“Wabi-sabi is a Japanese idea where nothing’s perfect, nothing’s permanent and nothing’s complete,” says TV presenter Kanoa Lloyd.
When I meet her at Auckland’s TV3 studios she's dressed casually in a white top with peplum sleeves and her hair is loosely tied back with a makeup-free face. The former weather girl turned TV presenter for The Project has come in especially to tell me about her most prized possession for podcast series, Just One Thing.
“I considered putting it in a sock and then I thought that’s quite gross, isn’t it? [So] I found a bag…” laughs Lloyd. I sit and laugh too, knowing that I might have done the same thing.
The special object is a vase the size of a small cup that her Mum gave her a few years ago. One Christmas her family decided to exchange items that they already owned as a way of helping each other out.
“My mum has made pottery since before I was born,” she says.
Lloyd says pottery has always been part of her life.
“There were pot plants, fruit bowls, just everything,” she says, adding that even after her parents split up, pottery was a big feature in both her mum and dad’s homes.
The delicate almost eggshell coloured vase has a faint jade colour marbled through it. The vase is a thing of beauty and looks like an expensive stoneware purchase from a designer store that would make an easy home in a minimalist upmarket apartment in Ponsonby or as Lloyd describes, sits on a bedside table and she uses it as a candle holder. This particular vase is at least 20 years old but you would never guess to look at it.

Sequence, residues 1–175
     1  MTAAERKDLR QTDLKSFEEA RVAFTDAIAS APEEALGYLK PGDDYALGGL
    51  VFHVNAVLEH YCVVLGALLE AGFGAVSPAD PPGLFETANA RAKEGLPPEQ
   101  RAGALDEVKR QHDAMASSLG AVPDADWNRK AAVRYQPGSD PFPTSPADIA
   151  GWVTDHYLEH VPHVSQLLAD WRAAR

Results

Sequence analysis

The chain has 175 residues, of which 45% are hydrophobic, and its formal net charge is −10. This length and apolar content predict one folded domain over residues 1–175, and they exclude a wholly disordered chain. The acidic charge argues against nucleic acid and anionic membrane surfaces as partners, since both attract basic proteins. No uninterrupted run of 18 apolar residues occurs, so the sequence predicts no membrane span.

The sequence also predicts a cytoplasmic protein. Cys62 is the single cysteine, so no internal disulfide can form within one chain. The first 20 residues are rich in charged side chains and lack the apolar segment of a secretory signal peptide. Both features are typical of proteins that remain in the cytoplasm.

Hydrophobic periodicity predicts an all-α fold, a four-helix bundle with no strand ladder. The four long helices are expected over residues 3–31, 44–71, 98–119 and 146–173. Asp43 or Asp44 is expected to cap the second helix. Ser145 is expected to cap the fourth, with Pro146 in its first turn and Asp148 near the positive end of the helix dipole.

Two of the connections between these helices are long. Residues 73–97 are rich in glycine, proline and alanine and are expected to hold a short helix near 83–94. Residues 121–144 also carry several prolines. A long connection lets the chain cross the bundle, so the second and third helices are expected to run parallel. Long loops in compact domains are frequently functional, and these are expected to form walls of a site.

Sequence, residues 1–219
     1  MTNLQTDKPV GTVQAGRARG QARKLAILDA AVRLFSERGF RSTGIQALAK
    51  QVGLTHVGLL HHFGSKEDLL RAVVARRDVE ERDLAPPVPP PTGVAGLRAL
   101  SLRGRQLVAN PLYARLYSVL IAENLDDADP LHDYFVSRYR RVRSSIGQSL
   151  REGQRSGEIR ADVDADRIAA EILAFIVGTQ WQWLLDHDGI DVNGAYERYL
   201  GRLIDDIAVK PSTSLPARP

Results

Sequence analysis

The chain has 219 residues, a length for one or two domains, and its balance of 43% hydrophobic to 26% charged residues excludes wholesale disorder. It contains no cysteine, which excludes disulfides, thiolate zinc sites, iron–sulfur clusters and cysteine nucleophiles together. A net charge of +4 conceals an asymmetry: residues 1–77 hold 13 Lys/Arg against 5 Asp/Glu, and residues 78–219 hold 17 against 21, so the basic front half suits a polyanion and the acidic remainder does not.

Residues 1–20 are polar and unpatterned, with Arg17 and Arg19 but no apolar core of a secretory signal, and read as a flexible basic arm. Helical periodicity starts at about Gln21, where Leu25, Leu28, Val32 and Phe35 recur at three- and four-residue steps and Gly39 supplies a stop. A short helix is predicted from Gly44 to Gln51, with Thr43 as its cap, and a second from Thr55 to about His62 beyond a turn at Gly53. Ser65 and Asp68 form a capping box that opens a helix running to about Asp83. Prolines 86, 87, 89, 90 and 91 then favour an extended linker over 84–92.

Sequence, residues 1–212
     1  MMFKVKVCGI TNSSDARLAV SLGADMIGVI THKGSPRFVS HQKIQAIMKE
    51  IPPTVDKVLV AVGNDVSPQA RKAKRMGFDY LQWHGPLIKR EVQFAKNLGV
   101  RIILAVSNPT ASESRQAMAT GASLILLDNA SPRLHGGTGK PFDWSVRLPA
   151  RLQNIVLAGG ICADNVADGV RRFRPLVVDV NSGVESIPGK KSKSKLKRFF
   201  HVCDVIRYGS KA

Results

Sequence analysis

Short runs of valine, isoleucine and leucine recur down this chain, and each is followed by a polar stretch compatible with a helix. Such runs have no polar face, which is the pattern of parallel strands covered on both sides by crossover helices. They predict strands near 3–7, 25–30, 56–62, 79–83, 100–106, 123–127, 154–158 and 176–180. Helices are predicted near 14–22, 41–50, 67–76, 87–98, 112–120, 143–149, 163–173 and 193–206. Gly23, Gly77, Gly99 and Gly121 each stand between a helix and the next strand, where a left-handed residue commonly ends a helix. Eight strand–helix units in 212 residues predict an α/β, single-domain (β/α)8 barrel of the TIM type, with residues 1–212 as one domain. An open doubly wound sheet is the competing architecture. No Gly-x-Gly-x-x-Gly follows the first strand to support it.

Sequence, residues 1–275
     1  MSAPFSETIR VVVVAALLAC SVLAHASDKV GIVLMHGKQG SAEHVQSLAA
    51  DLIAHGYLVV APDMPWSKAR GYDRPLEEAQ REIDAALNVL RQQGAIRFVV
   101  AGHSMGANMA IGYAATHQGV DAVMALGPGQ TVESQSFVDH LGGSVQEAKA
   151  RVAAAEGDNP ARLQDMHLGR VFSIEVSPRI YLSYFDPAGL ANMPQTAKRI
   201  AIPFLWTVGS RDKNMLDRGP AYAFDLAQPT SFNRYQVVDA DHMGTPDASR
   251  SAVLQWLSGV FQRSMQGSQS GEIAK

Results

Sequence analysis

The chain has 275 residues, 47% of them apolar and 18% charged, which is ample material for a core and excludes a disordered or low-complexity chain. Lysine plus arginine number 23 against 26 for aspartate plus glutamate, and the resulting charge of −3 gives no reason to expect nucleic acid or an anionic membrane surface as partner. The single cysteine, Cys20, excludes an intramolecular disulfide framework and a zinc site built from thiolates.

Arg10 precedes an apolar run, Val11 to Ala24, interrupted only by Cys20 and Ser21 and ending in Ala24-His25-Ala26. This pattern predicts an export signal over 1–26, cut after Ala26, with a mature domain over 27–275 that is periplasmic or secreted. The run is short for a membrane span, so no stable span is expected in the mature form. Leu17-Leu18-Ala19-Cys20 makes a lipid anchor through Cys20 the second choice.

“This one was unusual because my mum decided she was going to splash out on some fancy glaze and fancy clay. She‘s made it in white clay which is quite expensive and is harder to use and the glaze looks like a piece of bone. Of all the pieces that were around the house I was like…this is magical,” she says.
Her eyes light up as she inspects it and she handles it gently, almost like an egg with a new born chick that’s about to hatch. She has to because the vase isn’t in the same state that it was when she first received it.
Only on close inspection you can see a visible hole. It’s a piece of the vase that she couldn’t find when it devastatingly shattered to pieces. Not that it matters. The imperfections somehow add to the character of the object. In fact, it almost looks intentional.
On the day the vase broke, Lloyd recalls the anger and frustration that took over her. She managed to calm down after remembering a conversation that she had had with her friend about the concept of Wabi-sabi so she sat down to try and piece it back together.
“In lots of Japanese artworks and buildings and poetry the artists or the potters will deliberately make something a little rough or asymmetrical or they’ll even put a tiny little fingernail sized hole in something to show its just a thing...it’s an object...it’s not forever.”
Find out how Lloyd's vase shattered to pieces, her penchant for pretty hoarding and why she finds it hard to let go...in this episode of podcast, Just One Thing.